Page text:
A man walks through a subdued Downtown Greenville as a result of the coronavirus outbreak, Friday, April 3, 2020.

Columbia's situation has been similar. Hotels in the region had an average occupancy rate of about 29% between March 29 and April 4, said Charlene Slaughter, director of communications for Experience Columbia SC.

There are some travelers related to Fort Jackson, some other government business, some first responders and some business travelers from people whose companies aren't closed, Slaughter said.

This development is not surprising, said Scott Baier, professor and chair of the Clemson University Department of Economics.

"It is not uncommon for professionals to travel to areas of need in times of crises. Following a hurricane, you will have people from power companies and construction companies travel to these areas and stay in hotels," Baier said. "In this case, there were no homes destroyed and all work and leisure travel has come to a halt. Therefore, the only people traveling and looking for lodging are health care professionals and they probably prefer to stay in less urbanized areas to reduce the likelihood they get exposed outside of work."

Long-term impact

The long-term impact of the coronavirus in South Carolina is unknown.

But one area of the tourism industry that likely has had a permanent shake-up is the workforce.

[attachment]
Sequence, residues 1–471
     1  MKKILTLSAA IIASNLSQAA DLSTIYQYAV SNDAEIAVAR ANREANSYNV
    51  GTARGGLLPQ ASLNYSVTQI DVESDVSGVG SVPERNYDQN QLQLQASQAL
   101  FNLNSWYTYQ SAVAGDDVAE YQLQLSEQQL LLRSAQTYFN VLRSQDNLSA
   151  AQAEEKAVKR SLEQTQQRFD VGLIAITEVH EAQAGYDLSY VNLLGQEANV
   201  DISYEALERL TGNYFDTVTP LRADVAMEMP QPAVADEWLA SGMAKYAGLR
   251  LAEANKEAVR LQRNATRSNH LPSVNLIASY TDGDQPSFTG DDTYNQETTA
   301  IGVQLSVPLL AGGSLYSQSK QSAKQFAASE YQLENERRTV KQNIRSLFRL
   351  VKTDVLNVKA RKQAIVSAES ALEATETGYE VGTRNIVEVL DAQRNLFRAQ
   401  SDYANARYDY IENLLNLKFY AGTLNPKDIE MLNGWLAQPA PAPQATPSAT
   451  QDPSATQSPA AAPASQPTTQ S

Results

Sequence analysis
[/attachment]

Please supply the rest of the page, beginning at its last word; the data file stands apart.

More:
At the beginning of March, Charleston County employed more than 7,700 people in accommodations and lodging — nearly 5,800 of them have lost their jobs at this point, Smith said.

Statewide and in other counties, it's not clear how those numbers compare. A spokesperson for the state Department of Employment and Workforce did not respond to an inquiry seeking statewide and county-level data on lodging and accommodations job losses.

Downtown Greenville can be seen from the window of a suite at Aloft Hotel.

As for Charleston County though, it's going to be difficult to get back to where things were after the effects of the coronavirus outbreak subside, Smith said.

“With all these people hiring at the same time, there’s gong to be a hiring blitz," he said. “What are you going to do when everyone in the city is trying to hire a whole staff of housekeepers?"

That could mean a bidding war for employees, especially if the pool of workers in the industry shrinks from former hotel employees moving on to jobs in other industries after being laid off. Smith said after the SARS outbreak in the early 2000s when a lot employees also lost their jobs, a large chunk of the workforce did not come back to the industry.

“Getting staff back after this is going to be really difficult," he said.

Many hotels could be operating with new staffs and it could take awhile for some places to get back to being fully staffed again, he said.

“I think a lot of people don’t realize how much of a challenge it’s going to be," Smith said.

You can connect with reporter Gabe Cavallaro on Twitter @gabe_cavallaro or facebook.com/cavallarogabe or email him at gcavallaro@greenvillenews.com.

Yikes:About 25% of Marriott hotels shuttered worldwide during coronavirus

There's that:Hilton, Marriott donate free hotel rooms for medical workers responding to coronavirus crisis

Source: https://www.usatoday.com/story/travel/hotels/2020/04/15/coronavirus-wreaks-havoc-south-carolina-hotel-industry/5135986002/